Moreover, less monitoring of a child's media use has been linked with a higher body mass index (BMI) in the child at age 7. Monitoring children's electronic media use may help mitigate some of the adverse outcomes later in life, it suggests.

For girls, each additional hour spent playing video games or using a computer on weekdays at age 4 was linked with a two-fold increase in the risk of emotional problems at age 6, the study noted.

And for both boys and girls, each additional hour of weekday TV watching was linked with an increase in the risk of poor family functioning.

If children are allowed to watch TV, parents should try to watch with them to make sure the content is appropriate for the child's age. The study looked at information from more than 3,600 European children ages 2 to 6 years old.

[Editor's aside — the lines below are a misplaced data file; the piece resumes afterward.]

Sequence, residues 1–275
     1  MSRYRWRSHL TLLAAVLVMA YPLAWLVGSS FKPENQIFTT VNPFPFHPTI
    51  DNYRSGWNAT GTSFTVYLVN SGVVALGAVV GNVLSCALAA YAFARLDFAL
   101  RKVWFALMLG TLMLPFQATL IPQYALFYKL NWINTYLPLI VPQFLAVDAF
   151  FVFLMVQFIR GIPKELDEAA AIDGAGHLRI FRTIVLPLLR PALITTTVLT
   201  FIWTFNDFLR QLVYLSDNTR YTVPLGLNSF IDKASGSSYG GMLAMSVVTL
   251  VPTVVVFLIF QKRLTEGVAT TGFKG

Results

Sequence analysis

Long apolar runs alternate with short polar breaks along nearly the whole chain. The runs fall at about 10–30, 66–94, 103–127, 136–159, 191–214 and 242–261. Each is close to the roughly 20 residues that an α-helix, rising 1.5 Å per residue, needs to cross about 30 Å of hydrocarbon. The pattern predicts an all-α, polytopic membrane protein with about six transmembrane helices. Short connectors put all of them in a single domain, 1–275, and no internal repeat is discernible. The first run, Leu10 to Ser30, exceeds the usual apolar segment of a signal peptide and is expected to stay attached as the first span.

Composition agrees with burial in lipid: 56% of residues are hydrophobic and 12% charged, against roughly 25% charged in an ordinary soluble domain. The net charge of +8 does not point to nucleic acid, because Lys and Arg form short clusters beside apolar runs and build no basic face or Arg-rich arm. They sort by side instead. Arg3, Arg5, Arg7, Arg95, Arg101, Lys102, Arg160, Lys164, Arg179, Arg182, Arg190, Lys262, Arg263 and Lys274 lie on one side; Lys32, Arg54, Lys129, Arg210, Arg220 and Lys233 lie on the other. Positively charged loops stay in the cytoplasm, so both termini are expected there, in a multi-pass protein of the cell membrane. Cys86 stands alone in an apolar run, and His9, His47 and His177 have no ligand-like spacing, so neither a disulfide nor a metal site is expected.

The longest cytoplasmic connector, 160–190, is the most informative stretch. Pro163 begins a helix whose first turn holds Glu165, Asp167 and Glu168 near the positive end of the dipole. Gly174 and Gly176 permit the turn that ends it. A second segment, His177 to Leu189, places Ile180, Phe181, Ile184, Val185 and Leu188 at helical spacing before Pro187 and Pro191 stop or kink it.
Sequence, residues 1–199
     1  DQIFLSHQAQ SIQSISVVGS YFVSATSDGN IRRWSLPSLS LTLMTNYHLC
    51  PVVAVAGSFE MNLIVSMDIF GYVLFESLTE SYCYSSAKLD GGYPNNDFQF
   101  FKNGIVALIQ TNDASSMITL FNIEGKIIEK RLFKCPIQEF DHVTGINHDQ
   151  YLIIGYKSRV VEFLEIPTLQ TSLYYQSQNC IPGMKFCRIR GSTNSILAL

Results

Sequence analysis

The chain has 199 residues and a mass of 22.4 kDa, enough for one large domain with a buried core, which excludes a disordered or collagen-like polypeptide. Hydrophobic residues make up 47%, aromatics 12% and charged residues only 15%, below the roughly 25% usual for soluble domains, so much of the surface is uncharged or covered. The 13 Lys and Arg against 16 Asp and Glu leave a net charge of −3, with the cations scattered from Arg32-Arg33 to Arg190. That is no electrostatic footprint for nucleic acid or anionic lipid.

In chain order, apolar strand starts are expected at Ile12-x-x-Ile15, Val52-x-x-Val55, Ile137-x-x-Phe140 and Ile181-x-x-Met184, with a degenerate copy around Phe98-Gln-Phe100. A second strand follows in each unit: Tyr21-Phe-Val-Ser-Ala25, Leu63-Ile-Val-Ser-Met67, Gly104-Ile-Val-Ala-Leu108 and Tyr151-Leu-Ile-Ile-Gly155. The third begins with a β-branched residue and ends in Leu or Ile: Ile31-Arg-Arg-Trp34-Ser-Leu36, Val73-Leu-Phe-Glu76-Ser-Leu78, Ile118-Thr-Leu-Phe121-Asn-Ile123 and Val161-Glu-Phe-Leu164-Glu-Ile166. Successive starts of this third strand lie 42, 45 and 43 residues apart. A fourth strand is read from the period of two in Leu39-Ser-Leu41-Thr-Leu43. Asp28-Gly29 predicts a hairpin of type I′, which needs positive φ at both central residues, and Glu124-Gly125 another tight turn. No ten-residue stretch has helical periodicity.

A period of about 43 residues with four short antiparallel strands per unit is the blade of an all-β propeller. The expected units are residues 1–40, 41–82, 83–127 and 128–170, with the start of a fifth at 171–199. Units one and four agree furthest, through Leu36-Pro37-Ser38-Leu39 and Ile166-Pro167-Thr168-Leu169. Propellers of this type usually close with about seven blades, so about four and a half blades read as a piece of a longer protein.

Parents answered questions about their child's well-being, including queries about the child's self-esteem, social networks and emotional problems. The interventions aimed at parental supervision and control of child media exposure may promote healthy child weight development during middle childhood, said the study published in the journal JAMA Pediatrics.


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